Determine whether the sequence converges or diverges. If it converges, find the limit.
$ a_n = \ln(2n^2 + 1) - \ln(n^2 + 1) $
The sequence converges to ln 2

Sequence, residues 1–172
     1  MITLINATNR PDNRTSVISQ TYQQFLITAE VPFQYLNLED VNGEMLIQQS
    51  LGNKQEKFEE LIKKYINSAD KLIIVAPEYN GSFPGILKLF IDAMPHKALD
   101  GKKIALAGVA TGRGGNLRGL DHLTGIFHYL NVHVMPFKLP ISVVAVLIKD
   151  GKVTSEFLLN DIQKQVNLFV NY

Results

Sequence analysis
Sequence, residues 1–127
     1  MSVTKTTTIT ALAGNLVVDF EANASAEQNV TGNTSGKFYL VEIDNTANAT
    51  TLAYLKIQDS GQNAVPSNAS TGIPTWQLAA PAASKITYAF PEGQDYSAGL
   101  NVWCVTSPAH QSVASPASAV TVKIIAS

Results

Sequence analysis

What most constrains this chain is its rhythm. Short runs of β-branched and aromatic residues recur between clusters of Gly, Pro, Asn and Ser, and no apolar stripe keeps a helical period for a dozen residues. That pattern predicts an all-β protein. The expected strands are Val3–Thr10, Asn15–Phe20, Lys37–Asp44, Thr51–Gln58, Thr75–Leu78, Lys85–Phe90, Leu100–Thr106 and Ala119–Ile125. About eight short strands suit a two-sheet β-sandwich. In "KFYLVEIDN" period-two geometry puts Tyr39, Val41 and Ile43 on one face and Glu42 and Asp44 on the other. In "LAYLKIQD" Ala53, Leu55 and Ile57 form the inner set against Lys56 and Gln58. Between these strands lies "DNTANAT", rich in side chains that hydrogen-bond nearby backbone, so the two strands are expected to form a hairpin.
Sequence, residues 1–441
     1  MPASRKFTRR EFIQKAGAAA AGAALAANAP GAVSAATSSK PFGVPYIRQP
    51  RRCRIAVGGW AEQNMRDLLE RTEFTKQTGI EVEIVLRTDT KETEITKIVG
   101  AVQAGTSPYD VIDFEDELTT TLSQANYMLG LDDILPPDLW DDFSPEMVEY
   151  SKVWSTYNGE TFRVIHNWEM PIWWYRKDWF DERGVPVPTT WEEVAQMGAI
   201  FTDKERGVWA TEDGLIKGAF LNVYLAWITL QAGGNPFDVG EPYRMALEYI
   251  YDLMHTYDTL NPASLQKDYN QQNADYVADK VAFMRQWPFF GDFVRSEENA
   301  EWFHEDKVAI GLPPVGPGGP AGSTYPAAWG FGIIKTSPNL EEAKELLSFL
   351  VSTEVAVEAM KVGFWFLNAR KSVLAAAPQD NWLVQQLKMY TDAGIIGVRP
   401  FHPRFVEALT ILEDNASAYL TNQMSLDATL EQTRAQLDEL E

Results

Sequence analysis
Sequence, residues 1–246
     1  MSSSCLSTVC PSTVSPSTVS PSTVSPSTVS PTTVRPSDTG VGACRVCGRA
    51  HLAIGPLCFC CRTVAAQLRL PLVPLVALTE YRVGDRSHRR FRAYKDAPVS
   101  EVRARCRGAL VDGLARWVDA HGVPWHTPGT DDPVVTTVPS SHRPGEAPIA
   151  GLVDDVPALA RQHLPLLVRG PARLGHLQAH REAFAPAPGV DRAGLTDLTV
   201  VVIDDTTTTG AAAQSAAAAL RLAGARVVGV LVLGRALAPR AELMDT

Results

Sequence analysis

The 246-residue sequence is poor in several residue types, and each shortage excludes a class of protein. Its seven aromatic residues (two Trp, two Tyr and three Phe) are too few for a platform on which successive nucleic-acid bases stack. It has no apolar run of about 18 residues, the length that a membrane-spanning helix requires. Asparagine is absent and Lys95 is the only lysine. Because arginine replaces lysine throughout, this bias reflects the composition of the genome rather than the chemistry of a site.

for this problem when we're looking at the limit is n goes to infinity of am We're definitely not allowed to just plug in and equals infinity because then we'd have infinity here and we'd be subtracting infinity. So infinity minus infinity is indeterminate form doesn't mean that this limit doesn't necessarily exist. It just means that you're not allowed to do that. So something else that you could do would be to use properties of logs to know that subtraction on the outside corresponds to division on the inside. So instead of subtracting these two logs, we can write as one log the log of two in square posts, one divided by in squared plus one and the natural log function is continuous. So we're allowed to pull the limit inside of the function. And then we do the trick where we look at the denominator and we look at the term that's going to infinity, the fastest, and then we divide the top in the bottom by whatever that happens to be. So in this case we divide the top in the bottom by n squared to get two plus one over n squared, divided by one plus one over N squared, as in goes to infinity. This and this are both going to go to zero. So we just get natural log of two over one, which is something as natural log of two. So we converge and we converge to the natural log too.